Distribution of Sodium on the Moon’s surface


  • Scientists from Indian Space Research Organisation (ISRO) have mapped out the global distribution of sodium on the Moon’s surface.
  • They used the CLASS instrument (Chandrayaan-2 large area soft X-ray spectrometer) carried by the second Indian Moon mission, Chandrayaan-2.

How was it done?

  • This is the first effort to provide a global-scale measurement of sodium on the lunar surface using X-ray fluorescent spectra.
  • Non-destructively analysing the composition of materials is a popular application for X-ray fluorescence.
  • When the sun emits solar flares, the moon is exposed to a significant amount of X-ray radiation, which causes X-ray fluorescence.
  • The CLASS counts the total amount of X-ray photons arriving from the moon and assesses their energy.
  • The intensity is a measurement of how many atoms are present, and the energy of the photons reveals the number of atoms (for example, sodium atoms release X-ray photons of 1.04 keV).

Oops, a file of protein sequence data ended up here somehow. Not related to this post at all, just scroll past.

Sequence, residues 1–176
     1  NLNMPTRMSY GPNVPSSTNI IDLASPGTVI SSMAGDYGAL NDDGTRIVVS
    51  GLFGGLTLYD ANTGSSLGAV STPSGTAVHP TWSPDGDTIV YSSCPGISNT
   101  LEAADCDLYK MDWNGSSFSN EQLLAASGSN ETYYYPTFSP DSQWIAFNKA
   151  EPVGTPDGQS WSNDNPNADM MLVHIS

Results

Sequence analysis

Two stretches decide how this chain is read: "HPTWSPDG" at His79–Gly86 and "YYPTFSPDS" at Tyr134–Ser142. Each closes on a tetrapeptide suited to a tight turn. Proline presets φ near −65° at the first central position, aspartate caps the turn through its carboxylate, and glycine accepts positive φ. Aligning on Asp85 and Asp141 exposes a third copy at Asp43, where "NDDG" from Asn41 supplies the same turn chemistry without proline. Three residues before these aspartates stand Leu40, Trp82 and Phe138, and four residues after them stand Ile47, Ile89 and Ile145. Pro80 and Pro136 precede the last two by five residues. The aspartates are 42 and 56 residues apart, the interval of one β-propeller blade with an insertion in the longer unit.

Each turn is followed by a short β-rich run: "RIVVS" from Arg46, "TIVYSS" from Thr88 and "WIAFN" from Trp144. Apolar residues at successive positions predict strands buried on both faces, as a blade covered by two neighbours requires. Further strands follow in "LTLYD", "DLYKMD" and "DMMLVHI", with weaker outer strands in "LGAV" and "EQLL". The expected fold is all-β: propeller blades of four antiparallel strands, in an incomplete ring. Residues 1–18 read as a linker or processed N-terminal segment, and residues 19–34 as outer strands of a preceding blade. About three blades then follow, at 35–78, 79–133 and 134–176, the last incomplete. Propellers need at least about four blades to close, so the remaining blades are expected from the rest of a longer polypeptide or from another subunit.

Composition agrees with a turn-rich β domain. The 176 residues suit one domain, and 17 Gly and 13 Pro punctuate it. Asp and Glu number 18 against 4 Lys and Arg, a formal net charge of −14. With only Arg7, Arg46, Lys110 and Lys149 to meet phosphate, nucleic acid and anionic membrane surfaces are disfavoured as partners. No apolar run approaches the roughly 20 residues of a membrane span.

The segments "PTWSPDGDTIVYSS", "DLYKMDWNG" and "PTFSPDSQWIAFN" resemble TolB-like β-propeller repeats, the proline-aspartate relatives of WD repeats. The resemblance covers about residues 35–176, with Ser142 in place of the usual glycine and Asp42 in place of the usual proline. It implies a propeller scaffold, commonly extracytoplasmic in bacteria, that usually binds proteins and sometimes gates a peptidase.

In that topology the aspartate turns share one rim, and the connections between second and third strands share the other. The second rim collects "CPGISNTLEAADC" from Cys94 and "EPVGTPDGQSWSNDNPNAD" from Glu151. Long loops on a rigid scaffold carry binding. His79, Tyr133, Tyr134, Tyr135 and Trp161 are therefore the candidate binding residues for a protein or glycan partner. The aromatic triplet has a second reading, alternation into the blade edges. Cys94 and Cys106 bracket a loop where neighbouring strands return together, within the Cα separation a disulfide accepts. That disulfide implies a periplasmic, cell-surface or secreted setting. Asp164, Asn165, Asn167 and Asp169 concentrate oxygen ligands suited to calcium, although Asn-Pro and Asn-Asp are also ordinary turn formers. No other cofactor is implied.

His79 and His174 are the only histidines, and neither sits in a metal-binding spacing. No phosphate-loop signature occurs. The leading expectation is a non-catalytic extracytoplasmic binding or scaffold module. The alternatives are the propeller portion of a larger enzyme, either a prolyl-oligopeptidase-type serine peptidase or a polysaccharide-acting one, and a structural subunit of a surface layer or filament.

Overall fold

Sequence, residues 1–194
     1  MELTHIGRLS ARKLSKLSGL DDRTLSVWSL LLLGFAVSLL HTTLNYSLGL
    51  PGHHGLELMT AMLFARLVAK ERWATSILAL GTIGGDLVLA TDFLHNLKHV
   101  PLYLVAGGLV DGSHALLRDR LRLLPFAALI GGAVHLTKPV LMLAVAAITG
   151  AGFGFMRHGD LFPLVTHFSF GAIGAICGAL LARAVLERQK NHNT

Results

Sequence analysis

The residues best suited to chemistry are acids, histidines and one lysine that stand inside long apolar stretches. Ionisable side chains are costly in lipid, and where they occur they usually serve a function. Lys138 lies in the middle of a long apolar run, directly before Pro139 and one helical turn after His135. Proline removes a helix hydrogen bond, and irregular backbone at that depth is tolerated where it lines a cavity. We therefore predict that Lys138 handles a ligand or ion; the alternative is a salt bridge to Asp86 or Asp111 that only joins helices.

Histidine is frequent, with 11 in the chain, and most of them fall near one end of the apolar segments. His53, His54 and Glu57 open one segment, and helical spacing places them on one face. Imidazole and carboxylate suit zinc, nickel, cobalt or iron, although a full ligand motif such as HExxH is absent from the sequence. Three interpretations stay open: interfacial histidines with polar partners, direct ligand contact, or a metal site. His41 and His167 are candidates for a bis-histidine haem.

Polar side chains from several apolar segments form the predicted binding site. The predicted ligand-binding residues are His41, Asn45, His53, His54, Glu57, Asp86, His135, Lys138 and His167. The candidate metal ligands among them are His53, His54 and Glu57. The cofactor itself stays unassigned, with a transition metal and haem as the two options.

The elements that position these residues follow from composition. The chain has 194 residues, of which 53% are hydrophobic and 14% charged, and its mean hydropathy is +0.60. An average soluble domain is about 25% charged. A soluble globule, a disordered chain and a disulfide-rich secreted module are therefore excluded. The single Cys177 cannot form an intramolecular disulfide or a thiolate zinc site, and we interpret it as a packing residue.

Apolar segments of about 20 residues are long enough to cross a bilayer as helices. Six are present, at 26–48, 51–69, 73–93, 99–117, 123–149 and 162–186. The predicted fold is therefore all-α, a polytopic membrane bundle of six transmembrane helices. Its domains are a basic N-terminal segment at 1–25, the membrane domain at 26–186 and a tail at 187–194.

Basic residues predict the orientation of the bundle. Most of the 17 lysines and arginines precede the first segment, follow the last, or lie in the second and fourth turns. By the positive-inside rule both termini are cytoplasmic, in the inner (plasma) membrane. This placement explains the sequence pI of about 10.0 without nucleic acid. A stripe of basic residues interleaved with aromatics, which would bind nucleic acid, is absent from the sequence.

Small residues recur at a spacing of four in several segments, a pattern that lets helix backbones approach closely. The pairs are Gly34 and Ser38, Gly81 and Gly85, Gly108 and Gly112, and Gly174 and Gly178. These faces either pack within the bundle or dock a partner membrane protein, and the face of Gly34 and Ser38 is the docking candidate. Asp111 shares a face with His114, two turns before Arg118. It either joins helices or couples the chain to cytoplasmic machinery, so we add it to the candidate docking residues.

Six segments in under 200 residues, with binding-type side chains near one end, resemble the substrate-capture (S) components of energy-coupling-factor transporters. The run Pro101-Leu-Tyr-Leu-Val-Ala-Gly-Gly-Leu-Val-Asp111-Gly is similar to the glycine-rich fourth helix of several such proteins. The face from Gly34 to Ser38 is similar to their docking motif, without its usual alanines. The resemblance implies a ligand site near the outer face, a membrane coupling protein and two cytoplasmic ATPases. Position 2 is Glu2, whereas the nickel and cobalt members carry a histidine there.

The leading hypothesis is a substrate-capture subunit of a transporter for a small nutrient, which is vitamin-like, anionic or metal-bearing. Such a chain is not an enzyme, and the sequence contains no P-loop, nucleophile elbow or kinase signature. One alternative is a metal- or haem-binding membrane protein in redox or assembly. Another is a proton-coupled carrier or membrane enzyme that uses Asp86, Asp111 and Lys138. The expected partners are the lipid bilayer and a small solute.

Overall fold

Other Findings:

  • Rock samples were returned from earlier lunar trips like Apollo-11, Luna, and Chang’e-5.
  • The sodium content of the rocks was properly measured in those missions.
  • Apart from the trace amounts detected in lunar rocks, a recent analysis by the Chandrayaan group reveals that there is a thin veneer of sodium atoms that are weakly linked to the lunar surface (as mentioned earlier).
  • When enough energy is provided to them by solar UV light and solar wind ions, these sodium atoms on the surface are released.

Way Forward:

  • This achievement by Indian Space Research Organization (ISRO), is a great step towards scientific exploration of lunar surfaces.
  • The scientists of Indian Space Research Organization (ISRO) have stated that “As the solar cycle is in its ascending phase, we expect more solar flares that would ensure a larger coverage of all elements on the moon by CLASS at the highest spatial resolution ever”.


Source The Hindu